image(3)

to predict how the population mean trait values of each species will change as a consequence of selection (Lande 1976; Gavrilets 1997; Nuismer et al. 2010). In equation (3), inline image is the population mean value of trait y (in animals) or trait z (in plants), and inline image is the population mean fitness of the species. To make further progress using equation (3), we must calculate the population mean fitness of each species inline image within the community.

The first step toward calculating the population mean fitness of each species is to determine the expected fitness of individuals with specific phenotypes. Assuming that individuals encounter one another at random, this is relatively straightforward. Specifically, the expected fitness inline image of an individual of animal species i with phenotype y is given by

image(4a)

and the expected fitness of an individual of plant species i with phenotype z is given by

image(4b)

In equations (4), the sums are taken over the number of interacting species and weighted by the frequency of each interacting species j, where this frequency is given by inline image. Weighting by species frequencies captures the fact that encounters with abundant species are more likely than encounters with rare species. The terms inline image or inline image in (4) are the phenotype frequency distributions within species i.

To evaluate the integrals in (4), we assume the sensitivity of fitness to phenotypes is not too strong. Specifically, we assume that the parameters γ and α are of small order ɛ such that terms of O(ɛ2) and greater can be ignored (e.g., Nuismer et al. 2010). With this assumption, equations (4) can be readily evaluated (Mathematica notebook available upon request) as can the population mean fitness for each animal species

image(5a)

and each plant species

image(5b)

Substituting (5) into (3) and ignoring terms of order O2) and higher, yields equations for the change in population mean phenotypes for all species within the community (Appendix 1). Surprisingly, these equations reveal that the distribution of species’ abundances has no effect on deterministic coevolutionary dynamics of the interacting species, influencing evolution only through its impact on the rate of genetic drift.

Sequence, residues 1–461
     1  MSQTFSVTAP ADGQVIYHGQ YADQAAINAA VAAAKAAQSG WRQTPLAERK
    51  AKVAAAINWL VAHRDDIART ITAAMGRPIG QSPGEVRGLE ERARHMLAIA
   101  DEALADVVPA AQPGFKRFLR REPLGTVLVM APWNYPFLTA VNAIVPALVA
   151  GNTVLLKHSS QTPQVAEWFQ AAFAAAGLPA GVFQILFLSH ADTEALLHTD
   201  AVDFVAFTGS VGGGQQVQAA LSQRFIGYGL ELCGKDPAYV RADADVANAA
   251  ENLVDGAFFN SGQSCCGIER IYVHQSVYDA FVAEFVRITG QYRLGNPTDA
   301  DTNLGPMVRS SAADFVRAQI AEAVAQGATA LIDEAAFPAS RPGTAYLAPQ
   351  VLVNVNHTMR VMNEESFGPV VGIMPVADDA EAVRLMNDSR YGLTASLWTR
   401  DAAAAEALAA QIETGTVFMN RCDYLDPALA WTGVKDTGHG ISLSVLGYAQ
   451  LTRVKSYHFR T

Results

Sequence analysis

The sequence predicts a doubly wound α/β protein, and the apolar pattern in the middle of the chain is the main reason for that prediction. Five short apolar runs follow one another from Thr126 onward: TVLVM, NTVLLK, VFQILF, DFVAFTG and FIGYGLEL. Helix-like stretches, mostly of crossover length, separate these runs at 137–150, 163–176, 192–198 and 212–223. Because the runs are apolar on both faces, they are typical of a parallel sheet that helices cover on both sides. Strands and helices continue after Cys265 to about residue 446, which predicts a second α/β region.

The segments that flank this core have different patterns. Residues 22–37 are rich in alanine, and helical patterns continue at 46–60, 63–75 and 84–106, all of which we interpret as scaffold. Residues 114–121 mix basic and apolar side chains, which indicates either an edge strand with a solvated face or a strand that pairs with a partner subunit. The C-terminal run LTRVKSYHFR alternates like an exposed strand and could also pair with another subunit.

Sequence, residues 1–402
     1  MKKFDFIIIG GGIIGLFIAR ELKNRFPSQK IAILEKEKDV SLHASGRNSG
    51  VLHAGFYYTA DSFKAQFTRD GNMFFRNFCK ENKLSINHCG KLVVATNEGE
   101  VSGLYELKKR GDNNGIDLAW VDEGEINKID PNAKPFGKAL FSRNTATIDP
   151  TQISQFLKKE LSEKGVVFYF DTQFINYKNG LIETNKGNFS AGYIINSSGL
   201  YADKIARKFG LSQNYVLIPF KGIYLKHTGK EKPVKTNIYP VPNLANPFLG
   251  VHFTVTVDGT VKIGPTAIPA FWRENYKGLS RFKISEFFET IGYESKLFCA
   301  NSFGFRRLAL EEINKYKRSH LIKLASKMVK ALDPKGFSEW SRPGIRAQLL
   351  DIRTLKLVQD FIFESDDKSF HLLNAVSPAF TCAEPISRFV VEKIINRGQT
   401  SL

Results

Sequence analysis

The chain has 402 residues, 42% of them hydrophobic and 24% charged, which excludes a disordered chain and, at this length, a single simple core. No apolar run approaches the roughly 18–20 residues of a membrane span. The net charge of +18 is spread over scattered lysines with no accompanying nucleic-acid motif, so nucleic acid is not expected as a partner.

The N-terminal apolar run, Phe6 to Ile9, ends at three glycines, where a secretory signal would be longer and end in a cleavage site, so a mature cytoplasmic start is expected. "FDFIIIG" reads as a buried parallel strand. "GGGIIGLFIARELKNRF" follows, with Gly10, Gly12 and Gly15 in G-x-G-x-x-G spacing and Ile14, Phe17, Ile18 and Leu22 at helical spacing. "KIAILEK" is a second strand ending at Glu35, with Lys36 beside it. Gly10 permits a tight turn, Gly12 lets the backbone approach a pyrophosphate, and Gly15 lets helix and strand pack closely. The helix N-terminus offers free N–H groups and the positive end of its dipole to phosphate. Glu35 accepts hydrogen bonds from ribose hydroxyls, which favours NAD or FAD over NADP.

The equations for the change in trait means within each species provide a complete description of evolutionary change within communities. However, using even these relatively simple equations to study the evolutionary and coevolutionary dynamics of entire communities requires studying a system of NA+NP equations, which is intractable for communities of even modest species richness. Fortunately, the problem can be greatly simplified by making a change of variables from the trait means of the individual species to the statistical moments that describe the distribution of trait means within plants and within animals (Appendix 2). Remarkably, this change of variables reveals that—to leading order—the coevolutionary dynamics of the entire community can be described by recursion equations for only six statistical moments, irrespective of the number of species in the community. Analysis of these statistical moments reveals that mutualistic communities evolve to a stable equilibrium described by relatively simple expressions (Appendix 3). In the following sections, we use these equilibrium expressions to predict how coevolution changes three important properties of mutualistic communities: interaction efficiency, convergence, and complementarity.

INTERACTION EFFICIENCY

Using our assumption that the probability of successful mutualistic interaction does not depend too strongly on the traits of the interacting individuals (α of small order ɛ), it is possible to approximate the proportion of all encounters between plant and animal individuals that result in successful interactions; we term this quantity the ``interaction efficiency'' of the community. Interaction efficiency is a quantitative measure of community connectance, and these two measures are generally strongly correlated (results not shown). For the matching model, the interaction efficiency is